The flowers may be made into a dandelion wine with the addition of sugars and a citric acid. The wine has a moderate alcohol content. The plants were also used for a variety of medicines. Dandelion jelly is also a conversation piece.

If you venture to use dandelion greens and flowers, make sure they are chemical free. Also be sure the fertilizer used on them is an organic one safe for foods.




















Recipes

DANDELION JELLY

1 quart dandelion blossoms (picked in the morning, without stems)
1 quart water
1 package pectin
1 teaspoon lemon juice or orange extract
2-4 cups sweetener

Boil the washed blossoms in water for three minutes. Drain. To 3 cups liquid add the pectin, extract and sweetener. Bring to a boil and boil for three minutes. Skim foam, Place in sterilized jelly jars with two-piece canning seal and ring. Process jarred jelly in a boiling water bath for 10 minutes. Remove and let cool.

DANDELION SALAD

1 head Bibb lettuce, rinsed, dried and torn into bite-size pieces
1/4 lb. dandelion leaves, rinsed, dried and torn into bite-size pieces
3 to 4 radishes, sliced
4 medium mushrooms, sliced thin
2 scallions, minced
Assemble and serve with the following dressing.
Lemon Dressing:
3 Tablespoons lemon juice
1 Tablespoon Dijon-style mustard
1/4  teaspoon salt
3/4 cup olive oil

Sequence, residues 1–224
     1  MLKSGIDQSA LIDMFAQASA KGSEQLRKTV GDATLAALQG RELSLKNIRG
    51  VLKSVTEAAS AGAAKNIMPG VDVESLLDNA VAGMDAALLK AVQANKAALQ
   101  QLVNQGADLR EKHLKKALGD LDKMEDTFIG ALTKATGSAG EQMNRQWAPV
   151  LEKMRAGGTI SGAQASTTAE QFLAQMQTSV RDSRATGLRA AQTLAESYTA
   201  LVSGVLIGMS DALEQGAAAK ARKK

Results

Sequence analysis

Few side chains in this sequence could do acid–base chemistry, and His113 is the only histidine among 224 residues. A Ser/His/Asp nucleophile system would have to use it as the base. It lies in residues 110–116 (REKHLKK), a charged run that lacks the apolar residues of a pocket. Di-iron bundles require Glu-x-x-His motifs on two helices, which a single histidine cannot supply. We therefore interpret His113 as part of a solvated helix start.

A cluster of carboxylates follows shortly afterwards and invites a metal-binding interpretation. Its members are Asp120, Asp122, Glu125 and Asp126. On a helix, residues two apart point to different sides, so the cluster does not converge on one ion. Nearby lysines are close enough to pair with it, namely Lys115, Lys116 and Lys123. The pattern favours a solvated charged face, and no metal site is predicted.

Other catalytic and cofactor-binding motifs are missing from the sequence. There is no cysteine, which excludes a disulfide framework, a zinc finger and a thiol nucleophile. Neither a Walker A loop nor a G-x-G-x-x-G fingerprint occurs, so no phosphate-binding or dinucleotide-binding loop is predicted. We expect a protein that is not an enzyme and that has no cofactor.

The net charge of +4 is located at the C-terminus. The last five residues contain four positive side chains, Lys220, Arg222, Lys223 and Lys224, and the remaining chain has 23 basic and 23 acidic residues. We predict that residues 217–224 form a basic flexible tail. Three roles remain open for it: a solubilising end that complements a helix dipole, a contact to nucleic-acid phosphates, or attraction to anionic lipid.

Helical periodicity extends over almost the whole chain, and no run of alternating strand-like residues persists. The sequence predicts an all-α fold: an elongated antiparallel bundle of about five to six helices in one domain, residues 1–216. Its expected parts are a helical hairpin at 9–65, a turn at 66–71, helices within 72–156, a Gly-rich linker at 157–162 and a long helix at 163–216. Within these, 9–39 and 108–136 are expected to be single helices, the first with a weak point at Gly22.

Combine all but olive oil. Mix well. Add the olive oil and mix well again. Serve over salad.

DANDELION OMELET

1 cup dandelion hearts
4 eggs
Oil for frying
Fry the dandelion hearts in oil. Pour well-beaten eggs over the top of the greens.  Cook like an ordinary French omelet.
Tastes like an asparagus omelet.

DANDELION COOKIES

For this dandelion recipe, you’ll need: 1⁄2 cup oil, 1⁄2 cup honey, 2 eggs (or alternative), 1 tsp. vanilla extract, 1 cup flour, 1 cup dry oatmeal, and 1⁄2 cup dandelion flowers.
1) Preheat the oven to 375.
2) Mix the oil and honey and then beat in the 2 eggs (or alternative) and vanilla.
3) Remove the yellow flower parts from the green parts (compost the green parts).
4) Stir in the flour, oatmeal, and dandelion flowers.
5) Drop the batter by tablespoonfuls onto an oiled cookie sheet.
6) Bake for 10-15 minutes.

MORE RECIPES

Study on Dandelion

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Filed under: Foods, Superfoods, Drinks & Herbs